'I feel ignored:' Woman says tents obstructing sidewalks make it a daily obstacle course to get around

Walking one block in downtown Seattle may be simple enough for many, but not for Dawn Lucas, who is wheelchair dependent. 

Lucas said the blocked sidewalks cause her so much anxiety while trying to get around downtown in her wheelchair. She said she has over reached out to the city for assistance in removing homeless camp tents or fencing that continue to obstruct her path to safely navigate Seattle sidewalks. 

"I’ve reached out so many times and I’ve gotten no response whatsoever. I know the city is huge and I’m just a little guy," Lucas said.

In a seven-block radius of where Dawn lives, Q13 News counted 6 obstructed sidewalks on Tuesday.

For example, portions of the sidewalk on 5th and Yesler are off-limits for pedestrians. Bus drivers told Q13 News that it’s a safety problem when they have to dodge people on the busy street every day.

Last year, Lucas said she spent months bypassing tents along South Washington Street. She was forced to jump the curb on her wheelchair and use the bus lanes.Those tents are now gone but the sidewalk is still off-limits as of Tuesday because it’s fenced off.

"I feel ignored mostly by my city councilperson, which is the first person I feel like I should go," Lucas said.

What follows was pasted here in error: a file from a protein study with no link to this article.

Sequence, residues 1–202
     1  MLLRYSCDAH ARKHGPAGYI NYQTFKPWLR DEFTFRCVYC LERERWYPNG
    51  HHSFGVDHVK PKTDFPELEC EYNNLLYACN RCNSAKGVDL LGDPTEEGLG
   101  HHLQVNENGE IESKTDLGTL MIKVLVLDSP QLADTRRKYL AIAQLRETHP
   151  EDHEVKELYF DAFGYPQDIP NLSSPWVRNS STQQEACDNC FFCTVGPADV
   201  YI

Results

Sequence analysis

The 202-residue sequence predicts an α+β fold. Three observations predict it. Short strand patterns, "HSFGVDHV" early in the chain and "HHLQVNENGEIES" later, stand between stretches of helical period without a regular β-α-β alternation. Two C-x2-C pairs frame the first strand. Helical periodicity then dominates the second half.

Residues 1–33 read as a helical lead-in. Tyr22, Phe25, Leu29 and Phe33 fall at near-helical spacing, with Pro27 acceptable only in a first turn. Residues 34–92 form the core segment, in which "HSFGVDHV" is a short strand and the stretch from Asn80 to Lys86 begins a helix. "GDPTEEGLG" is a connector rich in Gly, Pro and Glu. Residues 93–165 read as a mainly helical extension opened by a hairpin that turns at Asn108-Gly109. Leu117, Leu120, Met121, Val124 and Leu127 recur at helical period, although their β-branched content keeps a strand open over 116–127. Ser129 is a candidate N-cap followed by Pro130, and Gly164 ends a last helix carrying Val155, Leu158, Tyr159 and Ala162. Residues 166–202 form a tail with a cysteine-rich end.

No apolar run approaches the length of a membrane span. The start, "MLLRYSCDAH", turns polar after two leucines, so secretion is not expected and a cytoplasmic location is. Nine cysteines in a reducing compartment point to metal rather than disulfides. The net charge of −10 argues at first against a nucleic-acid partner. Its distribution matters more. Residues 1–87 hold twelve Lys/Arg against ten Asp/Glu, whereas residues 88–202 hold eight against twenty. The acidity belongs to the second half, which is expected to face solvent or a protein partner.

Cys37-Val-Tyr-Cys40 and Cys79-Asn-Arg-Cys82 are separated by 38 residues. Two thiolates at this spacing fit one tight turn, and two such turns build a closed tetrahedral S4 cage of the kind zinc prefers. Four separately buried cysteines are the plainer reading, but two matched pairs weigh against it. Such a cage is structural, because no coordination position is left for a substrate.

Dawn Luca (Q13 News photo)

That council member is Tammy Morales since Lucas lives in the Chinatown- International District.

Lucas said the problem goes beyond transportation officials; it’s a direct policy stance around homelessness by council members. The Seattle resident said she understands the plight of the homeless because she’s lived on the streets before.

 "I empathize but when it creates a safety hazard something needs to be done," Lucas said.

Business owners are also begging for action. Laura Zeck, who owns an art gallery nearby, says the lack of sidewalk accessibility is also hurting them.

 "I don’t want to say that even, because this is where my business is, you put this on air it makes it so more people are scared," Zeck said.

It’s a catch-22 for Zeck. While the business owner is trying everything she can to draw customers into ZINC Contemporary, she also can’t ignore what she is seeing everyday.

Zeck says she witnesses prostitution, drugs and weapons as she passes by some of the sidewalk tents.

"It’s everywhere now. It keeps expanding, expanding, expanding," Zeck said.

Zeck says she has also reached out to city leaders but has received no response.

Lucas says she understands there is no simple solution.

RELATED: Seattle pays $10,000 to settle lawsuit over encampment sweep at Cal Anderson Park

But she says leaving homeless tents on sidewalks is never the answer. Lucas says there has to be a better path.

Q13 News reached out to Tammy Morales on Tuesday. She has yet to respond to the sidewalk issues. But a spokesperson did say that Morales is aware of Dawn Lucas and the two have a meeting set up for Sunday.

If you have a sidewalk issue to report, it goes to the Customer Service Bureau, which is under the Dept. of Finance and Administrative Services.

That department says in 2019 there were 492 complaints about obstructed sidewalks. In 2020 that number doubled to 956. The CSB doesn't have numbers broken down just by tents so obstruction can mean anything from tents, trash to debris blocking sidewalks.

Stay connected with Q13 News on all platforms:
DOWNLOAD: Q13 News and Weather Apps
WATCH: Q13 News Live 
FOLLOW: Facebook | Twitter | Instagram